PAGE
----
Clock Name San Dimas Time (Control Clock) 2x-Reverse-Speed Clock
Clock Starting Time 00:00 (Day 0) 00:00 (Day 0)
Time after 1 hour 01:00 (Day 0) 22:00 (Day -1)

The comparing the two clocks’ velocities, the control clock’s hour-hand is moving at `1 hour-distance / hour`, and the double-reverse-speed clock is moving at `-2 hour-distance / hour`. The clocks diverge by 3 hours every hour.

Therefore the clocks will meet every `12 hour-distance / ( 3 hour-distance / hour ) = 4 hours`.

So, in a 24 hour day, the two clocks will collide `24 hours in a day / 4 hours per collision = 6 collisions`. These times would be:

San Dimas Time (Control Clock) 2x-Reverse-Speed Clock
00:00 (Day 0) 00:00 (Day 0)
04:00 (Day 0) 16:00 (Day -1)
08:00 (Day 0) 08:00 (Day -1)
12:00 (Day 0) 00:00 (Day -1)
16:00 (Day 0) 16:00 (Day -2)
20:00 (Day 0) 08:00 (Day -2)

…and then next at midnight of the following day.

## How many Times a Day does a Clock going at Triple Speed show the Correct Time?

We are comparing two clocks:

Clock Name San Dimas Time (Control Clock) 3x-Speed Clock
Clock Starting Time 00:00 (Day 0) 00:00 (Day 0)
Time after 1 hour 01:00 (Day 0) 03:00 (Day 0)

The triple Speed Clock covers +3 hours-distance / hour, however the control-clock catches up by 1 hour-distance every hour.

Therefore the total deviation between the two clocks is `+2 hour-distance / hour`.

For 12 hours-distance of deviation to elapse (i.e. one collision to occur), we need `12 hour-distance / (2 hour-distance / hour ) = 6 hours`

I.e. a collision occurs every 6 hours.

So, in a 24 hour day, the two clocks would collide `24 hours in a day / 6 hours per collision = 4 collisions`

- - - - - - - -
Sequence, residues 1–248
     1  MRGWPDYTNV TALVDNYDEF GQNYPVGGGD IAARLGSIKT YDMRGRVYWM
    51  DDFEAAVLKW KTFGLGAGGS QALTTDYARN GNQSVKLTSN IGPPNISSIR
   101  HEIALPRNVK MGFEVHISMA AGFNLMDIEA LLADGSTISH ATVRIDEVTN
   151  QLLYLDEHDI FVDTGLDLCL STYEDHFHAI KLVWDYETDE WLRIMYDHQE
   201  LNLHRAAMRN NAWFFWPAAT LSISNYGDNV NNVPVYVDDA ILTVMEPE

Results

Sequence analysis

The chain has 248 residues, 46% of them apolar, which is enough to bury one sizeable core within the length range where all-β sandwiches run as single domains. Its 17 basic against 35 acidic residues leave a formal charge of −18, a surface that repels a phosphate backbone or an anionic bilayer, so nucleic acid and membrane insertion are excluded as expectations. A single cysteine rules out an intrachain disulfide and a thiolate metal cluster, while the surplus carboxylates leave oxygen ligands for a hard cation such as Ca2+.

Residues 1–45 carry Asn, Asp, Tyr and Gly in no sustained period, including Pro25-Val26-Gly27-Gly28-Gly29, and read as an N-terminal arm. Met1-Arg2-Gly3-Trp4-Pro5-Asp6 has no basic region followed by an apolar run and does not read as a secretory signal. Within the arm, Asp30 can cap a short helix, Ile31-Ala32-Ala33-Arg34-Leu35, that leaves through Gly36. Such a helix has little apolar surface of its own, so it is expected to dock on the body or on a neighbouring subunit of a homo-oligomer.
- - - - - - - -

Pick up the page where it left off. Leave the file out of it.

These times would be at:

San Dimas Time (Control Clock) 3x-Speed Clock
00:00 (Day 0) 00:00 (Day 0)
06:00 (Day 0) 18:00 (Day 0)
12:00 (Day 0) 12:00 (Day 1)
18:00 (Day 0) 06:00 (Day 2)

…and then next at midnight of the following day.

# Formula for Number of Times a Clock displays the Correct Time given its Speed

For clock operating at speed `v` (hour-distance / hour ) compared to a control clock, these clocks will deviate in hours by `v - 1` every hour. Thus, given a 12-hour clock face:

`There will be a collision every 12 / |(v - 1)| hours`

Yes, if you compare two control clocks with each other then you are dividing by zero. I suppose you could say that they are infinitely colliding with each other.

Then, the number of collisions in a 24-hr period would be:

`24 / (12 / |(v - 1)|)`

`There will be |2(v - 1)| collisions per 24 hour period`

N.B. Why `1 - v` or `v - 1`? From the control-clock’s perspective, a 2x clock gains 1 hr every hour. Hence `v - 1` describes the deviation per hour. From a 2x clock’s perspective, it is correct while the control-clock is losing 1hr every hour.

E.g. For a 5x reversing clock, There would be a collision every `12 / |((-5) - 1)| = 2` hours and this leads to `|2((-5) - 1)| = 12` collisions per 24 hour period.

# Puzzle 1 Solution: How many times in a day do an analogue clock’s hands overlap?

Finally, we get to answering the initial puzzle.

We can model the hours-hand as a control clock, and the minute-hand as a 12x speed clock (in 1 hour of time, the minute hand covers 12 hour-distance by doing a full revolution of the clock face).

Plugging in values, we get that there will be a collision every `12 / |(12 - 1)| = 12/11 =~ 1.0909 recurring` hours.

There will be `|2(12 - 1)| = 22` collisions per 24 hour period.